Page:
Mary-Rose Juliette Toussaint (? -1851)

Mary-Rose Juliette Toussaint
Juliette Noel Toussaint, Mrs. Pierre Toussaint (Anthony Meucci, 1925)
Courtesy Black Gotham Archive (2842)

The registry of nuptials for St. Peters Church in New York City lists an entry for August 5, 1811 for Pierre Toussaint to Mary-Rose Juliette Noel. The bride and groom were former slaves, brought to the United States by their slave owners who were themselves escaping the Haitian Revolution. Pierre and Mary-Rose Toussaint would become one of the most prominent African American couples in antebellum New York City.

Juliette Noel, twenty years younger than Pierre, was born in Saint-Domingue (Haiti) likely in 1791. The Noel family came to Baltimore with their slave owners at some point during the Haitian Revolution. Juliette was 17 at the time of the wedding but little is known about the couple’s meeting or courtship. Pierre paid for Juliette’s manumission in the months leading up to the wedding.

In 1815, the couple adopted Euphemia, the daughter of Pierre’s sister Rosalie, who died of tuberculosis shortly after giving birth. Childless, they raised her as their daughter. Tragically, Pierre and Juliette lost their adopted daughter at age 14 from the same infection that took Rosalie.

In the same year, 1815, Pierre received news that his godmother, Aurora Berard with whom he has been separated by 25 years was unmarried, living in Paris, and struggling financially. Juliette and Pierre helped by sending her crepe dresses and madras kerchiefs. They also debated joining Aurora in Paris but ultimately chose to stay in New York City since Pierre, one of the most prominent hairdressers in city, would not be able to replicate his client list in the French capital.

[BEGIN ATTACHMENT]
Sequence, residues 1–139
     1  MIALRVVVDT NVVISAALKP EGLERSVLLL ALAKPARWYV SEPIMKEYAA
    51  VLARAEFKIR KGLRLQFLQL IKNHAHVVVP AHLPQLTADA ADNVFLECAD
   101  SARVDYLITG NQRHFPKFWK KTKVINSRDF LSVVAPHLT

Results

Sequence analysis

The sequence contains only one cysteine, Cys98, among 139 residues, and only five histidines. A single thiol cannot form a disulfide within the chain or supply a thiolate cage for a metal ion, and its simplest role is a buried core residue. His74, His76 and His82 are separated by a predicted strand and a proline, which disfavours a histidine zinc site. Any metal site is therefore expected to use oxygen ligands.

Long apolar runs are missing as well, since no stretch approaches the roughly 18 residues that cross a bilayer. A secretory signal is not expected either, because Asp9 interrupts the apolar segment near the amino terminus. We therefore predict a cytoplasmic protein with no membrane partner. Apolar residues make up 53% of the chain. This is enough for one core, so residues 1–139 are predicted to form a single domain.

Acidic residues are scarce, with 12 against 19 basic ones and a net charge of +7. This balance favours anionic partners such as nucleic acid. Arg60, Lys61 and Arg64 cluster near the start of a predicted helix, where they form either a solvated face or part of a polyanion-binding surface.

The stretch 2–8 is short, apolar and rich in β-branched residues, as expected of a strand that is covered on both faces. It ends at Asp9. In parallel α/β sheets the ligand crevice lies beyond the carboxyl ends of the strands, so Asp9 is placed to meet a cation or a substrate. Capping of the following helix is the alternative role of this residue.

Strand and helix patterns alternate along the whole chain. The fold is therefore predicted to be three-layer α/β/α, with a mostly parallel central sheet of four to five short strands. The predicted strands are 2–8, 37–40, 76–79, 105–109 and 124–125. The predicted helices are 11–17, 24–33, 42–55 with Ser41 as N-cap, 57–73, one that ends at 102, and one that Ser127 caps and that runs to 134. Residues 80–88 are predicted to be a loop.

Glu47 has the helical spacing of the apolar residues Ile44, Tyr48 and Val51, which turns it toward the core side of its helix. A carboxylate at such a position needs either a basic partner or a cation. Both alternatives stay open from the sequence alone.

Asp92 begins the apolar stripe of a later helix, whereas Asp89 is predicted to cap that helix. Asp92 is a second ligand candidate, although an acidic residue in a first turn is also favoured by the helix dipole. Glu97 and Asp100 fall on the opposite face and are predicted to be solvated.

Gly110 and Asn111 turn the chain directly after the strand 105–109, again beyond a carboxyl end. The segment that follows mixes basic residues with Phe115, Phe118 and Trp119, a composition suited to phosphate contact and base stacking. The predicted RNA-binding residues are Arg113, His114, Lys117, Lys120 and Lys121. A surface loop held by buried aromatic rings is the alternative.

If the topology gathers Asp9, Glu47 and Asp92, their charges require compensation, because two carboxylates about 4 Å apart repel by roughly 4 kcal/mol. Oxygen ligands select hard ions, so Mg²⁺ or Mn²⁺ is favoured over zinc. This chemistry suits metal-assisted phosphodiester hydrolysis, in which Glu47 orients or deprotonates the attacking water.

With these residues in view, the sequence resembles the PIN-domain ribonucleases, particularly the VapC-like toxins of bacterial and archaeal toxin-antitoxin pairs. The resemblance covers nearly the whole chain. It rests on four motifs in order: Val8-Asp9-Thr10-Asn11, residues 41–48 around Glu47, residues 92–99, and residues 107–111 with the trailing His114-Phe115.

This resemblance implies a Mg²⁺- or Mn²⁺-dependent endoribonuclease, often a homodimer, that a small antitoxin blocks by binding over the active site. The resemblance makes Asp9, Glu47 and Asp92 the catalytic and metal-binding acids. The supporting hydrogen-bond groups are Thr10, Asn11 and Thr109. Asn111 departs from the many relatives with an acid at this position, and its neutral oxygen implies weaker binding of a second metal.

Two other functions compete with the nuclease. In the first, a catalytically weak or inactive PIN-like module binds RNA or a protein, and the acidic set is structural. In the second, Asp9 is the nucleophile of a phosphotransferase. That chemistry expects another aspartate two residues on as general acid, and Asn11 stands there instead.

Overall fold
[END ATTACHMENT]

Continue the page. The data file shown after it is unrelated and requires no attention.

Pierre’s income allowed the Toussaint couple to live comfortably. Juliette traveled to Baltimore occasionally to visit her cousin, Fanny Montpensier. Yet through philanthropy, they placed much of their wealth at the service of those in need. The family home at 105 Reade Street in a racially integrated middle-income neighborhood in the 4th Ward, became an infirmary during yellow fever outbreaks for the sick rescued from streets near the New York City harbor. Juliette also nursed and cared for homeless youngsters whom her husband encountered.

Many Catholic institutions were objects of their largesse. They were lead donors in the construction of St. Patrick’s Old Cathedral on Mott St. and the original French church, St. Vincent de Paul on Canal St. But there were also secular causes they supported. When the Meeting Hall of the New York African Society for Mutual Relief was constructed on Orange Street in 1820, Juliette was listed as the donor of the site. This gift of property, secured through Pierre’s earnings, illustrated their considerable wealth when most blacks (and whites) in the city were impoverished. It also showed the couple to be partners in charitable endeavors.

Mary-Rose Juliette Noel Toussaint died on May 14, 1851. At the request of the now widowed Pierre, African American friends of the family followed her coffin on foot, from St. Peter’s Church on Barclay Street, up Broadway to burial in the churchyard of St. Patrick’s Old Cathedral. Whites in attendance took their carriages to the cemetery, a distinction between the mourners insisted upon by Pierre. All congregated at the Toussaint family burial plot where little Euphemia had been laid to rest in 1829. In 1853, Juliette’s life partner, Pierre died and was interred in the same plot.